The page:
Author Archives: Mark Anderson

Where did all the Country bands go?

Alabama’s Randy Owen was recently quoted saying, “I Want to Hear More Bands.” This message comes from lead singer of the band Alabama, which was one of the main reasons bands were so popular in the 1980s and 1990s. Owen takes a look around and realizes that Country music is growing away from the appeal of bands.

Today in Country music, most artists are individual performers known only by their own name. The shift from bands to individual artists was gradual over time, but was very clear by the early 2000s. The reason for this may be the appeal of fame and being the center of attention. For the most part, famous country artists receive more attention than country bands, because of the focus only being on one single person. Now, there aren’t many country bands that I can currently think of, because of this shift.

In a different interview with Randy Owen, he tells of how he is saddened by the low number of “self contained bands” nowadays. A “self contained band” is one where the band members actually play their own instruments and write their own songs (which is almost unheard of today). Owen tells of how it shouldn’t be this way, and I agree with him. When there is a band (or even an individual artist) playing and you know that they play their own instruments and write their own songs, it feels much more genuine.

Random (but authentic) Country band

Most artists have songwriters that will write the majority of their music, and this has become the standard (at least for big name artists). Many Country artists still play their own instruments though, especially the guitar, which is great. Music has seemed to drift away from bands and pushed the focus onto the individual. Which isn’t necessarily a bad thing. But, there is something about seeing a real band on stage and seeing how they interact with each other and the crowd is just incredible, and it feels authentic. It shows that they care more about the group as a whole than the individual, and I feel that it gives the audience a sense of togetherness and gets them more involved in the performance.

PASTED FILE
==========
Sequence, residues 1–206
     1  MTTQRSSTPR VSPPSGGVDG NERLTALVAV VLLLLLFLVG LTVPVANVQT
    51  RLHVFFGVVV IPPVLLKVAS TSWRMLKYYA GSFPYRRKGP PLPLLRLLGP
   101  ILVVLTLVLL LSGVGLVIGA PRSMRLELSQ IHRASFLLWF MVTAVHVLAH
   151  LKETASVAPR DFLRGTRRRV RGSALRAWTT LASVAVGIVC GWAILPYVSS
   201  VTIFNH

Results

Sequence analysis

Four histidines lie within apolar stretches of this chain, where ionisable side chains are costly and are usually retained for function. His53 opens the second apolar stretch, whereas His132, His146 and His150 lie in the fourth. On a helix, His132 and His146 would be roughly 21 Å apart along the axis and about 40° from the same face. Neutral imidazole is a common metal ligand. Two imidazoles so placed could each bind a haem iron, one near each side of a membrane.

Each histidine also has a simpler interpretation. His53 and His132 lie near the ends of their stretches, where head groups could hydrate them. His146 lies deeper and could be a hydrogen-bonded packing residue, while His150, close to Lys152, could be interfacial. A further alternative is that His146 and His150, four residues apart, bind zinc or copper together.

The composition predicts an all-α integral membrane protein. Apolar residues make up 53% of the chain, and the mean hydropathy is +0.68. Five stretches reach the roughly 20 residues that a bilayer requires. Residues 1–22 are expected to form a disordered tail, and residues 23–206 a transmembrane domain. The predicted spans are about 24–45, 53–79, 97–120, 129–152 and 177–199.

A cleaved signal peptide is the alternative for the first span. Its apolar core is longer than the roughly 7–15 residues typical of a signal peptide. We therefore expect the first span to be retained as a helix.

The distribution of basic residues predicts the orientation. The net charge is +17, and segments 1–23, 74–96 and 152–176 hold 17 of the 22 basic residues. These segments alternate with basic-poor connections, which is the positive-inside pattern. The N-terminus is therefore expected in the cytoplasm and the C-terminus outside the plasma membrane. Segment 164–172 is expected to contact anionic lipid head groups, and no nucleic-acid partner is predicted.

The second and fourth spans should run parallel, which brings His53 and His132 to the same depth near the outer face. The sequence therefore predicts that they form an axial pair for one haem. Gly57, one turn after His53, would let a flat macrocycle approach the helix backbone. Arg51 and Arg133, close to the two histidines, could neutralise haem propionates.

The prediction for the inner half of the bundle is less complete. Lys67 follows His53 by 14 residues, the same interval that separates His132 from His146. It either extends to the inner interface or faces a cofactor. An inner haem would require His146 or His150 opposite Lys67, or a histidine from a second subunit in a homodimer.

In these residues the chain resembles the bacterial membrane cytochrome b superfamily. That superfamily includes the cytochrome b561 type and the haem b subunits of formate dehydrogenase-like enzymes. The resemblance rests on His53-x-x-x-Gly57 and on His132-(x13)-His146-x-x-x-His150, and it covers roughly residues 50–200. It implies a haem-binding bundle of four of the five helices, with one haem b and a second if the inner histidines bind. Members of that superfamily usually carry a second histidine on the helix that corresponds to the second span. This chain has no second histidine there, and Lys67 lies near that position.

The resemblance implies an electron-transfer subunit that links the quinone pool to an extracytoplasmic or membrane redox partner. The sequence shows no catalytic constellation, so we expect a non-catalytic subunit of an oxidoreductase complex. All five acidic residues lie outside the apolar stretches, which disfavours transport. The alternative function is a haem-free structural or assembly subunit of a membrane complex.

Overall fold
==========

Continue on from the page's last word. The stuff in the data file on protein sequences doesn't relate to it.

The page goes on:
There will probably not be a shift back to the era of bands, like it was in the 80s and 90s. This is because times are changing and most fans have come to like the idea of individual artists more and more, which is also completely fine. It’s all about the audience and giving them what they want, and the shift from bands to individuals (and vice versa) isn’t a bad thing by any means. It is just something different, and it is what we come to expect now in these changing times.

Rascal Flatts


Filed under New Traditionalism, News

Bro, That’s what Country is all about.

Has anyone else every heard of a subgenre of country music called “Bro Country?” Well… Neither have I, but I found this Time article interesting so I decided to look into it further.

Blog post 2 pic 2The well-known Country music duo Florida Georgia Line is the epitome of what is known as Bro Country. It has a really relaxed sound to it, and it makes you think about all the good times that you’ve had with your boys (I’m not sure if girls can relate as much with this topic). Bro Country is all about the bros and that kind of lifestyle. It involves: parties, drinking, and girls, of course!! Other artists that portray this kind of vibe are Jason Aldean, Blake Shelton, and Luke Bryan.

The debate over bro country not only divides guys and girls, but also the frat boys and the “old farts.” In response to this situation between the kids and the old men, Blake Shelton comments: “Well that’s because you (old men) don’t buy records anymore, jackass. The kids do, and they don’t want to buy the music you were buying.” The turning point from the older side to the bro side of country was most likely with the release of the song Cruise by Florida Georgia Line.